Hanoi, July 17, 2014 – Vietnam and the World Bank Group announced today that they have agreed to conduct a joint study that will recommend policy actions to greatly increase economic growth in Vietnam in the coming years, putting it on a path to become a modern, industrialized country in a generation. The study will identify the changes Vietnam needs to make to build sustainable and inclusive growth and join the ranks of high-income countries.
“We look forward to working closely with Vietnam on this joint report and sharing our global experience to help it realize its potential of becoming a high-income country in the decades ahead,” said World Bank Group President Jim Yong Kim. “Vietnam’s leadership can improve the lives of the Vietnamese people even more if they improve the efficiency and competitiveness of its economy and create the conditions for the private sector to become a driving force for job creation, innovation and high-productivity growth that benefits everyone.”
The study will look at changes Vietnam needs to boost trade and competitiveness and improve the business and investment climate to attract more foreign and domestic private investment. It will also examine the policies and actions Vietnam will need to build economic sustainability, reform its institutions and create more equality and opportunities for all people. Prime Minister Nguyen Tan Dung and World Bank President Jim Yong Kim agreed to complete the study within one year.
“We hope this study will support our strategy to improve people’s lives even more by offering guidance on how to accelerate our economic restructuring and institutional reforms so we can boost growth and provide additional support to the poor,” said Prime Minister Nguyen Tan Dung. “A big focus of the report will be encouraging private sector investment that helps create jobs while ensuring greater equality and inclusiveness for all people.”
Dung and Kim announced the study in Hanoi, where they also signed credit agreements for five new projects totaling US$876 million. In addition, Kim announced the World Bank Group will provide Vietnam with over $3.8 billion in concessional financing through IDA, the World Bank’s fund for the poorest countries, in the next 3 years. A key objective will be to help Vietnam use World Bank resources to attract additional private financing. IFC, the World Bank Group member exclusively focused on private sector development, has invested and mobilized more than US$5 billion to support Vietnam’s private sector over the last twenty years.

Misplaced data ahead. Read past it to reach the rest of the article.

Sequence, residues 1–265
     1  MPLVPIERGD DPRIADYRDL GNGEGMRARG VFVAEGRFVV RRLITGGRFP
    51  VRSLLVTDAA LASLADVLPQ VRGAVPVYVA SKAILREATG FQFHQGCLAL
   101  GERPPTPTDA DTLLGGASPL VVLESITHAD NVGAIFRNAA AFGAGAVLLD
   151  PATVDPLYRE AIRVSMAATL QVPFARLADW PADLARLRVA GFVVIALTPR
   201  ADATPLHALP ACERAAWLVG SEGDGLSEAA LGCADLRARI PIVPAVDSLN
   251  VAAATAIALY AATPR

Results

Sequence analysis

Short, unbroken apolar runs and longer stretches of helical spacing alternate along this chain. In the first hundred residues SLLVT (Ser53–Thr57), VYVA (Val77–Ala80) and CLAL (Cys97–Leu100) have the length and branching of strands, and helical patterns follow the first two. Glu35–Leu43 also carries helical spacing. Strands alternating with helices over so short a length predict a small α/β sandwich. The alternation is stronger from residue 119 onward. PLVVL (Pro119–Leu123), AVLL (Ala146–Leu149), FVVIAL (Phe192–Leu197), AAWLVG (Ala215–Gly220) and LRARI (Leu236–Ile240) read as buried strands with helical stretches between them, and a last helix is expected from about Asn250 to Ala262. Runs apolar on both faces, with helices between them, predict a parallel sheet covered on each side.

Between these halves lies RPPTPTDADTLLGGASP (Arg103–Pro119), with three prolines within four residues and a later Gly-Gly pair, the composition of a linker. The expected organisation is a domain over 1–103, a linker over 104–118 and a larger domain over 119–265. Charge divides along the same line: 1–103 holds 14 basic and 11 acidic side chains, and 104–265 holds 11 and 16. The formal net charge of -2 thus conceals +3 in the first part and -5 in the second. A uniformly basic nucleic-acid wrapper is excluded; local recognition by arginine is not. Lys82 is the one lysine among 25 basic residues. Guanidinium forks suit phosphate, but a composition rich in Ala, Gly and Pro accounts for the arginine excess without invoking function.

President Kim also met the General Secretary of the Communist Party of Vietnam Nguyen Phu Trong and State President Truong Tan Sang.
Over the last few decades, Vietnam has made remarkable progress in reducing poverty. The percentage of people living in poverty dropped from almost 60 percent in the 1990s to under 10 percent today. Over the same period, the mean income for the bottom 40 percent of the Vietnamese population increased by an annual average of 9 percent. Vietnam’s growth rate has averaged 6.4 percent per year for the last decade, but it has begun to slow recently.
“Vietnam can return to higher rates of growth if it makes the bold reforms needed in the financial sector and in state-owned enterprises with greater transparency and accountability,” Kim said. “The World Bank Group is committed to supporting Vietnam as it moves ahead with these tough reforms and we truly appreciate our long and trusted relationship with Vietnam.”
Kim said Vietnam, like other developing economies, is working with the World Bank Group to tackle climate change and increased extreme weather events, which threaten to roll back development gains over the past decades. He also thanked Vietnam for agreeing to sign on to a call to establish a price on carbon, a global effort that will be released at the United Nations Climate Summit in September.
About the World Bank Group
The World Bank Group plays a key role in the global effort to end extreme poverty and boost shared prosperity. It consists of five institutions: the World Bank, including the International Bank for Reconstruction and Development (IBRD) and the International Development Association (IDA); the International Finance Corporation (IFC); the Multilateral Investment Guarantee Agency (MIGA); and the International Centre for Settlement of Investment Disputes (ICSID). Working together in more than 100 countries, these institutions provide financing, advice, and other solutions that enable countries to address the most urgent challenges of development. For more information, please visit www.worldbank.org, www.miga.org, and www.ifc.org.
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